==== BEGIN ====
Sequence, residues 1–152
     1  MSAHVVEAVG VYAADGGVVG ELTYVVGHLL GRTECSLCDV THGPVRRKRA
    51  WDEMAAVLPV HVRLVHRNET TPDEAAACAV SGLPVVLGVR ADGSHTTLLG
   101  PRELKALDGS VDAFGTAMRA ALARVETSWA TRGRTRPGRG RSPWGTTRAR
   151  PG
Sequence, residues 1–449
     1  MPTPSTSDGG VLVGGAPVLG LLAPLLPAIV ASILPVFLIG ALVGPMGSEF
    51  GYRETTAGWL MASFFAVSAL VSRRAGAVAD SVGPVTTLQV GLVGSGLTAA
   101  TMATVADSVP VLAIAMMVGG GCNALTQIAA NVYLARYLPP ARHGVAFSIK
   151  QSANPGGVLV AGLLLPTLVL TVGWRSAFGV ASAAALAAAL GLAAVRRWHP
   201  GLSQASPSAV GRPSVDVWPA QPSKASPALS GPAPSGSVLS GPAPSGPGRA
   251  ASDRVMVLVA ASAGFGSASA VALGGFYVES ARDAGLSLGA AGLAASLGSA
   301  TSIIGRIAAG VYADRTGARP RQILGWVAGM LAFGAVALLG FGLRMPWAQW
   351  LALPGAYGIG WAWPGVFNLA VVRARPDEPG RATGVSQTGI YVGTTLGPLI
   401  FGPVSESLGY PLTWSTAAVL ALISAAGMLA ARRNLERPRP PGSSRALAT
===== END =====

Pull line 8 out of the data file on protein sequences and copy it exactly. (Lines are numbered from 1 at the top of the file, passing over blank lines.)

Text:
    51  GYRETTAGWL MASFFAVSAL VSRRAGAVAD SVGPVTTLQV GLVGSGLTAA